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Each year, 11,000 new cases of larynx cancer will be diagnosed in the United States (1% of new cancer diagnoses), and approximately one-third of these patients will die of their disease. The current male-to-female ratio for larynx cancer is 4:1, but the relative percentage of women with this, as with other smoking-related illness, has been on the rise. Larynx cancer is most prevalent in the sixth and seventh decades of life and is more prevalent among lower socioeconomic groups, for whom it is often not diagnosed until more advanced stages. More than 90% of larynx cancer is squamous cell carcinoma (SCC) and is directly linked to tobacco and excessive alcohol use. Because of the complex and multifaceted nature of this disease, treatment planning is best delivered through a multidisciplinary tumor board format.

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The larynx functions not only to produce voice but also to divide and protect the respiratory tract from the digestive tract. It acts as a sphincter during deglutition, protecting against the penetration of bypassing food by closing off the trachea at two sites: the epiglottic flap and the closure of the vocal cords. The larynx consists of a framework of cartilages connected by ligaments, membranes, and muscles covered by a respiratory and stratified squamous mucosal epithelium (Figure 31–1).

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Figure 31–1.
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Cartilages and ligaments of the larynx. (A) Frontal view and (B) posterior view. (Adapted, with permission, from Hollinshead WH. Anatomy for Surgeons: The Head and Neck, 3rd ed. JB Lippincott, 1982.)

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The larynx can be divided into three parts: the supraglottis, the glottis, and the subglottis (Figure 31–2). The supraglottic larynx extends from the tip of the epiglottis and vallecula superiorly to the ventricle and undersurface of the “false” cords inferiorly; it includes the arytenoid cartilages, the aryepiglottic folds, the false vocal cords, and the epiglottis. The glottic larynx encompasses the “true” vocal cords, extending from the ventricle between the true and false cords to 0.5 cm below the free edge of the true cords, including the anterior commissure and interarytenoid area. The subglottic larynx extends from the inferior extent of the glottis to the inferior edge of the cricoid cartilage.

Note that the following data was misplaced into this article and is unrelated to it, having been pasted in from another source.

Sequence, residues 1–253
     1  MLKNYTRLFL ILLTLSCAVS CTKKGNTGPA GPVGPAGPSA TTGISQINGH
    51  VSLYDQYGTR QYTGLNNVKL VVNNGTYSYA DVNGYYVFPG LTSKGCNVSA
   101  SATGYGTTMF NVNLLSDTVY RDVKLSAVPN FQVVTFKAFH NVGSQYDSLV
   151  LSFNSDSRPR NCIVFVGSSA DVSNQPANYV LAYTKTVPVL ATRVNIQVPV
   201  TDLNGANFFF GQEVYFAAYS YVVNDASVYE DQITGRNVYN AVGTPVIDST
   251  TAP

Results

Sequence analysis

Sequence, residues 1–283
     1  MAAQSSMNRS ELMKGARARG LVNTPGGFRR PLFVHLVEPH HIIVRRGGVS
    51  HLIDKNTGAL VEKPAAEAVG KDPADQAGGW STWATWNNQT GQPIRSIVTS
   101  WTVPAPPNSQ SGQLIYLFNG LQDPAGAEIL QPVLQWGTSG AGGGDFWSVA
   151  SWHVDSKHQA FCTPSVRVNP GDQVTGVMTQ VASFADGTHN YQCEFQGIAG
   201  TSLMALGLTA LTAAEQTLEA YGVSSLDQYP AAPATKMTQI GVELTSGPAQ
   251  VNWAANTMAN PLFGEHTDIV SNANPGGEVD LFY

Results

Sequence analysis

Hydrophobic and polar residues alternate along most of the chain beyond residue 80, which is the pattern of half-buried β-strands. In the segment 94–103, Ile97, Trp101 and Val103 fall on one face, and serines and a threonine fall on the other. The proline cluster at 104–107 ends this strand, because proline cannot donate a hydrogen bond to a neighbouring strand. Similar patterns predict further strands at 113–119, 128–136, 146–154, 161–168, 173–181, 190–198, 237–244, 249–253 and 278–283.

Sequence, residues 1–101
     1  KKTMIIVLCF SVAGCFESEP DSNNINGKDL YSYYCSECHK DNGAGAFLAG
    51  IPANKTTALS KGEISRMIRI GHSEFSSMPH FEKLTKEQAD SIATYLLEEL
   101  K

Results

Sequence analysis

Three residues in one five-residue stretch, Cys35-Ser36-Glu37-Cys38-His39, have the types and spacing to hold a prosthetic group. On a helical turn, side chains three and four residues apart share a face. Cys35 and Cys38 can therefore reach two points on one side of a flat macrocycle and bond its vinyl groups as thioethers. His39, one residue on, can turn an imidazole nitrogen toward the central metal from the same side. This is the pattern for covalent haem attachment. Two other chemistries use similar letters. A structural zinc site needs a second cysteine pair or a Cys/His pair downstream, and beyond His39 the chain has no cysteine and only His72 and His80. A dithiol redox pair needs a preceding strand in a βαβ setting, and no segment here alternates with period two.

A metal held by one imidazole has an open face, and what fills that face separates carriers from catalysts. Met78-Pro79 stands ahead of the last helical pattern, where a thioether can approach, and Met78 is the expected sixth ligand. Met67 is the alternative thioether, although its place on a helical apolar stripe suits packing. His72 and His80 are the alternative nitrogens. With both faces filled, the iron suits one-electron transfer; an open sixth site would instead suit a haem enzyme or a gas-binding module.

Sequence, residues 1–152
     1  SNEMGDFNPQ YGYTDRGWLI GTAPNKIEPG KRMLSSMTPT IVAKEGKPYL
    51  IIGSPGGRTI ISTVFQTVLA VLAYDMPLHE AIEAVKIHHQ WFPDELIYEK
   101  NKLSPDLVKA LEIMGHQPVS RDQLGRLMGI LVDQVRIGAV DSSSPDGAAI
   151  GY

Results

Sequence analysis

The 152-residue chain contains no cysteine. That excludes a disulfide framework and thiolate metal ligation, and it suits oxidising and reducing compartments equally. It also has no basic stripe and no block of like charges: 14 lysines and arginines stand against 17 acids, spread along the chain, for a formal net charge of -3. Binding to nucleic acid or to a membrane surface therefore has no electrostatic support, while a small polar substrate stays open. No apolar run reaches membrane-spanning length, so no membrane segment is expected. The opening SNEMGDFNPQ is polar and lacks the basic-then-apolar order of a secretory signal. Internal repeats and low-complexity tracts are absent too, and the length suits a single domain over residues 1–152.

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Figure 31–2.
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The supraglottic, glottic, and subglottic anatomic subdivisions of the larynx. (Adapted, with permission, from Bailey BJ (ed): Head and Neck Surgery—Otolaryngology, 3rd ed. Lippincott Williams & Wilkins, 2001.)

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Understanding the embryologic origin of these regions of the larynx helps to explain the difference in clinical behavior between cancers arising from these laryngeal subsites. The supraglottis derives from the midline buccopharyngeal primordium and branchial arches 3 and 4 with rich bilateral lymphatics. The glottis, on the other hand, forms from the midline fusion of lateral structures derived from the tracheobronchial primordium and arches 4, 5, and ...

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